Have you ever gotten an e-mail from a reputable company advising you of some “issue” with your account and you weren’t sure if it was legitimate or not? I’ve gotten some lately from “Amazon” and “PayPal”. I quickly looked them over but wasn’t sure if they were legitimate or not. However, upon closer scrutiny and a little research, I determined both were fake. If you find yourself in the same boat, here are some things to look for:
1. Do you have an account with the company you received the e-mail from? If not, they’re probably phishing.
2. Check to see what address the e-mail came to. That’s very telling for me because I have two e-mails that are linked. I use one of the e-mail addresses for most of my business and the other is used rarely. All of those phishing e-mails come to the e-mail I don’t use. So in that case, I know it’s not legitimate.
3. Look for a logo and be sure it’s correct. Every single legitimate Amazon e-mail I’ve received had a logo but the fake Amazon e-mail didn’t.
4. Look at the company name to be sure it’s correct. On the PayPal e-mail, in one paragraph Pay Pal was two separate words but in the next paragraph PayPal was just one word. The real PayPal wouldn’t make a mistake like that.
5. Look for grammar and spelling mistakes. I think I’ve found examples of both in every fake e-mail I’ve gotten. Legitimate e-mails rarely have those kinds of mistakes.
6. If you have a past e-mail from the company, compare the suspicious e-mail with one you know is legitimate. With the fake Amazon e-mail, the style and type were completely different. It was a dead giveaway once I compared the two.
7. Is the action described in the e-mail something that could be true? In the fake Amazon e-mail, it referenced an order I had cancelled. I knew I hadn’t cancelled an order and the item cancelled wasn’t something I would have purchased. My daughter-in-law and I have linked accounts so I checked with her and she didn’t know anything about it either. So I assumed it wasn’t a legitimate e-mail but kept my eyes open to be sure nothing more was going on.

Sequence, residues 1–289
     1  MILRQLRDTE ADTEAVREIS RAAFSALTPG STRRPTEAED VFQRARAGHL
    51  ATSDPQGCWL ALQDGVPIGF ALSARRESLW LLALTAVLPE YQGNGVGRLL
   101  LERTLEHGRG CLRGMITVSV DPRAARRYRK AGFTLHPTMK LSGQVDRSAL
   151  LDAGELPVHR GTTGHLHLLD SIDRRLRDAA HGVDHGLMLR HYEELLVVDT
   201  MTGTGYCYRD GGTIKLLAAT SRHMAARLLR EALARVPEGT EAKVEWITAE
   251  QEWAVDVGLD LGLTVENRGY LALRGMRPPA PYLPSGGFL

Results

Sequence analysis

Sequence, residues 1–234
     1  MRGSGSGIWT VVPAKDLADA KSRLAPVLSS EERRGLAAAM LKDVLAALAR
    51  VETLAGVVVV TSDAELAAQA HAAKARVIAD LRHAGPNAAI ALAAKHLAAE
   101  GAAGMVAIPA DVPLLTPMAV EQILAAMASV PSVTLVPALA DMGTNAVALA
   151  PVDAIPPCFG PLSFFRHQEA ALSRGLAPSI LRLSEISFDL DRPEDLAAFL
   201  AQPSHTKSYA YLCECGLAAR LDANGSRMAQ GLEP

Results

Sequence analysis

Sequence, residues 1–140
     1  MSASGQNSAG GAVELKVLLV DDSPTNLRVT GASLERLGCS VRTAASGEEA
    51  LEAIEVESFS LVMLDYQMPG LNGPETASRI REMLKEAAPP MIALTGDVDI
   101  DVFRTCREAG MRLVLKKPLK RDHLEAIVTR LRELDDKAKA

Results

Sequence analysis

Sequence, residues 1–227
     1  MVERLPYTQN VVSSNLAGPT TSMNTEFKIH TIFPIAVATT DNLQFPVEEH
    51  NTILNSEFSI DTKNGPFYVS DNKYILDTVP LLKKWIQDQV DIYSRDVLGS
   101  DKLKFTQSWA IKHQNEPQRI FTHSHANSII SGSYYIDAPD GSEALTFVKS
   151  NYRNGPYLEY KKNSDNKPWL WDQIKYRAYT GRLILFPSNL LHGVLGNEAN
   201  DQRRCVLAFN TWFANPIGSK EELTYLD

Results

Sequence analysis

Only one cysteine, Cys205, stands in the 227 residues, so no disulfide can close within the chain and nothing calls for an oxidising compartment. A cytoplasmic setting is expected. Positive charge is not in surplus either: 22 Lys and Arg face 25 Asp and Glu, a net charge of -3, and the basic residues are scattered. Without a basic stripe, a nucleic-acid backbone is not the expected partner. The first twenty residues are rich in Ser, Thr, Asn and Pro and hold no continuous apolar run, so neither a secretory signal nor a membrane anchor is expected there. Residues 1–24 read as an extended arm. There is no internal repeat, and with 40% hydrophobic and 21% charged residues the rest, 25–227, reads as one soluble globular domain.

8. Do your research. With the Amazon cancellation e-mail, I went into my Amazon account and checked to see if I could find a paper trail for the action described in the fake e-mail. Nothing. That confirmed that the e-mail was fake and that they hadn’t messed with my account.
9. Contact the company and let them know you’ve received the fake e-mail. I did that with Amazon and asked if the e-mail was legitimate or not but I never heard back. However, they did have a section on the website about phishing and their policies. Sometimes that helps you know whether the e-mail is legitimate or not.
10. Never click on any of the information in the e-mail. It might not hurt anything if you do but you don’t want to take a chance. Bad things can happen when you click on information from people trying to mess up your life.
So the next time you get a suspicious e-mail, run through this list to figure out whether it’s legitimate or not. I don’t know about you, but it always unsettles me a little to get those e-mails – just in case they are legitimate and I’ve ignored them and because if they’re not, someone is trying to mess up my life! So figuring out for sure that they’re fakes and that my account is fine helps me rest a little easier.
This post is linked up with the Weekend Bloggy Reading Link Up at SerenityNowBlog.com.